I felt the heart jolt of: "That's true." But if it was true – and my whole being believed those words, whether or not my mind agreed – well, that tore up all my maps.

If, if, if – if what this swami says is true, then most truths broadcasted by my world are half-truths at best, ignorance amplified by certainty.

Still a working stiff at 23, but a typesetter, $100 a week, no sick days, no benefits, no union – talk union and you got fired, which was illegal, but so what? There was a war on. I was ripe for the draft, but had a "hardship deferment": I was necessary to the support of a family. Yet that war was in the air we breathed as no war has been since – in that sense, inescapable.

On the subway again, Henry Miller again, and, again, something he quoted. (And, hey: Henry Miller, Willa Cather, and Mark Twain are the only American novelists certain to outlast the era of America's primacy.) In Miller's Remember to Remember, you find this, from Alfred Perlès' The Renegade:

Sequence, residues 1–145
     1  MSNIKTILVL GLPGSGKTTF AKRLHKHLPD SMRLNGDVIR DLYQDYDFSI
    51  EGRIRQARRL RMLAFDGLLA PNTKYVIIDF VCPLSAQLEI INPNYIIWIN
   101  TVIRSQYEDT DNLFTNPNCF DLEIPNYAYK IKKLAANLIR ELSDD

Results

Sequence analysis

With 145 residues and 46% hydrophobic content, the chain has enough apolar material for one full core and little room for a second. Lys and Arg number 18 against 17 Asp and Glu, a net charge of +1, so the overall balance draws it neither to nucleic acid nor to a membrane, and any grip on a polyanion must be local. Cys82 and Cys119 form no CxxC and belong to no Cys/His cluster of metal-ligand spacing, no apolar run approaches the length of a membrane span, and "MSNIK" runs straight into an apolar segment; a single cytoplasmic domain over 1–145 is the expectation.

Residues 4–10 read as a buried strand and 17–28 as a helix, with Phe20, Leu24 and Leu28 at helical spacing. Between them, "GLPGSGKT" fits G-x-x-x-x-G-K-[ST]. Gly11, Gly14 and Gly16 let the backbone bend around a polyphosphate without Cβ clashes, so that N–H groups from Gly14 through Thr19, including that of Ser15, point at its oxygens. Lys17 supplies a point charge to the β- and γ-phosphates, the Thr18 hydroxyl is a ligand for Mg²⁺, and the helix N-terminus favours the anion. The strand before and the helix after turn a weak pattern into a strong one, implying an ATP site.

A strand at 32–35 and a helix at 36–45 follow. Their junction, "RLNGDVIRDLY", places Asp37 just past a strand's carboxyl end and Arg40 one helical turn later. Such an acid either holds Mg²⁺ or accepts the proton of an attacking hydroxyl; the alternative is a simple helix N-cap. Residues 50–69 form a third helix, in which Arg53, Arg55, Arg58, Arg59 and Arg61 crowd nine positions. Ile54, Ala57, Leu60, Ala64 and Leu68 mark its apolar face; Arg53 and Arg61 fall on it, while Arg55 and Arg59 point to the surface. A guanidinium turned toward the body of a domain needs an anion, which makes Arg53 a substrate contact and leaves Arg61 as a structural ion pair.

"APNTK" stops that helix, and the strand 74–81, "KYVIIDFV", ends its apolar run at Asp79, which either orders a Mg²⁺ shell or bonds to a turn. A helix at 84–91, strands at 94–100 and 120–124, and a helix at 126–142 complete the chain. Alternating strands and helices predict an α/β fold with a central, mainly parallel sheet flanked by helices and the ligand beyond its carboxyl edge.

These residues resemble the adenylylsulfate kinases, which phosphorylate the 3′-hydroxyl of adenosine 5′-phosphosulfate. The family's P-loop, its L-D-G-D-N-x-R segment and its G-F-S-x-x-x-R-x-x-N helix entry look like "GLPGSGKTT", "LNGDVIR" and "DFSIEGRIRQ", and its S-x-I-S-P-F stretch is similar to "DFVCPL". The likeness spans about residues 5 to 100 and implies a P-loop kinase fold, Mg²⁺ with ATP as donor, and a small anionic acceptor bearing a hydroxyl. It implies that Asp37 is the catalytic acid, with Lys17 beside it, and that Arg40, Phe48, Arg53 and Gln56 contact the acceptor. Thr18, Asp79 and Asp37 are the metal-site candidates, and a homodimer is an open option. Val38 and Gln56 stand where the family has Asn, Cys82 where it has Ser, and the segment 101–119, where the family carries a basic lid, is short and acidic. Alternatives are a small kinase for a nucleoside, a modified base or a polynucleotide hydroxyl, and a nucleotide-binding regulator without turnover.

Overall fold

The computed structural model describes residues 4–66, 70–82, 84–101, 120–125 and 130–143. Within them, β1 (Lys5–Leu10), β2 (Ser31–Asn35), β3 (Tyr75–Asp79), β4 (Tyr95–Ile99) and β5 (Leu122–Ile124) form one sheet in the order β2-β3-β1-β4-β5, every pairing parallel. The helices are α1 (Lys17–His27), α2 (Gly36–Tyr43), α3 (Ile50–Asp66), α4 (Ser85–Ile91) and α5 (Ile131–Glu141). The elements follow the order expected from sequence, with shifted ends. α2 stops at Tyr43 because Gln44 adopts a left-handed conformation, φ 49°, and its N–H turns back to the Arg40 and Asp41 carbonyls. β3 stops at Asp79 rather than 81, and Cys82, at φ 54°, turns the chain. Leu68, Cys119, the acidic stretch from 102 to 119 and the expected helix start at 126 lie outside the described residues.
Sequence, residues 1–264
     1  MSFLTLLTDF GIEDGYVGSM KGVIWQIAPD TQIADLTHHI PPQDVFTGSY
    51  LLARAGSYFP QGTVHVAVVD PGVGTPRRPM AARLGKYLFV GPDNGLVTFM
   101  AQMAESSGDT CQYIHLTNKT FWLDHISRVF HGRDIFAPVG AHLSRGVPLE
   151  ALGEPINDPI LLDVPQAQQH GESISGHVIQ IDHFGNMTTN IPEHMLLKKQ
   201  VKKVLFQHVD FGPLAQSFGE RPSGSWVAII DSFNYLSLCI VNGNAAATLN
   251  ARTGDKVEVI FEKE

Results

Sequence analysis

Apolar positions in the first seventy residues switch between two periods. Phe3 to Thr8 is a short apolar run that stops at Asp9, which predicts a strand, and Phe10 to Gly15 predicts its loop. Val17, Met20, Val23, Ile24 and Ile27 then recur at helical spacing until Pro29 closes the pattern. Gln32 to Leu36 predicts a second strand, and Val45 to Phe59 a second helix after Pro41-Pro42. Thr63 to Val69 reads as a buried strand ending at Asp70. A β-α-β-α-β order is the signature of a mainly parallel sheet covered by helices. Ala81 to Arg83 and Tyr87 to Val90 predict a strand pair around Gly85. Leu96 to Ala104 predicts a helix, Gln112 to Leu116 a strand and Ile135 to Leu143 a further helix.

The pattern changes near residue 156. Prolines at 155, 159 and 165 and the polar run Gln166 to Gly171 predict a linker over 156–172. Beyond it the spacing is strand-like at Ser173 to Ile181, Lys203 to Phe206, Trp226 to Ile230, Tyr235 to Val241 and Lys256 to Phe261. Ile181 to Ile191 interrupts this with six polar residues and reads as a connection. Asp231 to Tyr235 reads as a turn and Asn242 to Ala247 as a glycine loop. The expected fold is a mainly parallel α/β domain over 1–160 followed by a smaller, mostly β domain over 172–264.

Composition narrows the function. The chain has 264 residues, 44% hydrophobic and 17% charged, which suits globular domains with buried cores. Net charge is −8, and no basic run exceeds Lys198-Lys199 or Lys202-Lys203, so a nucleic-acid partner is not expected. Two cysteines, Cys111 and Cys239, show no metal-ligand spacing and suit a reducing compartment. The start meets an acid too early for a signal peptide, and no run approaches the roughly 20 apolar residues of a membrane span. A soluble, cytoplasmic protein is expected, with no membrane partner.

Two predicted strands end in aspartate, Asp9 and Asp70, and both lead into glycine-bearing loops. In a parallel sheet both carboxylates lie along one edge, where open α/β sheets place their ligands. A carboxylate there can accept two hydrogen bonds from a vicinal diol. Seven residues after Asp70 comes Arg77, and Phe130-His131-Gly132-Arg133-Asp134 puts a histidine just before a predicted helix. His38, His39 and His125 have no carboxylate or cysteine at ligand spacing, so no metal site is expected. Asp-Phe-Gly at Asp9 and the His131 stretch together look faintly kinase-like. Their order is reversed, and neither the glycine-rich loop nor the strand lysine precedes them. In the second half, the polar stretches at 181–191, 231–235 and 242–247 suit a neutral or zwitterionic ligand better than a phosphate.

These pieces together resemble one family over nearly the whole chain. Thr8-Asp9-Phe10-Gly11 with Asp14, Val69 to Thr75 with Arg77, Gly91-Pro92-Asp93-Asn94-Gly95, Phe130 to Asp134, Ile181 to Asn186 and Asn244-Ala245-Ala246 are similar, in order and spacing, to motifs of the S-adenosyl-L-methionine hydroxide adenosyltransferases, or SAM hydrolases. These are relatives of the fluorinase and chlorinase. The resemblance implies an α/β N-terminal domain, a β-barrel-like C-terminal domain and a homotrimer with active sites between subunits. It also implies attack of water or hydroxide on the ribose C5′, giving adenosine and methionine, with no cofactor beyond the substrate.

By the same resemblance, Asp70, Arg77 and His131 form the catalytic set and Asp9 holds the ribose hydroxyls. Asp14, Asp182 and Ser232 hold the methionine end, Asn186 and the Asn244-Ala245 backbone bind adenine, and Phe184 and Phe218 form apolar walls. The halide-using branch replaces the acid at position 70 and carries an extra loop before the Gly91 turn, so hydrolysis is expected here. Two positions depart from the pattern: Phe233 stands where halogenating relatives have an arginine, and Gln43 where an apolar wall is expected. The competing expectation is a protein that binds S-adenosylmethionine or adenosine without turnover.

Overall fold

"It may sound cruel, and I dare say it is not altogether your own fault, but the fact remains that you are personally responsible for the war to the extent that you have not lived your own life: the sum total of innumerable pasts like yours has to bear the responsibility for the catastrophe."

Was I living my own life? Yes. No. Both. Not enough.

There it was. The authentic task, the only authentic task, was to live my own life. To find out what that was and could be. Not the position in life assigned to me by society, not the life my family wanted of me, and (this is crucial) not even the life I had imagined for myself – but the life that was authentically mine.

As you might expect, that took a good deal of time.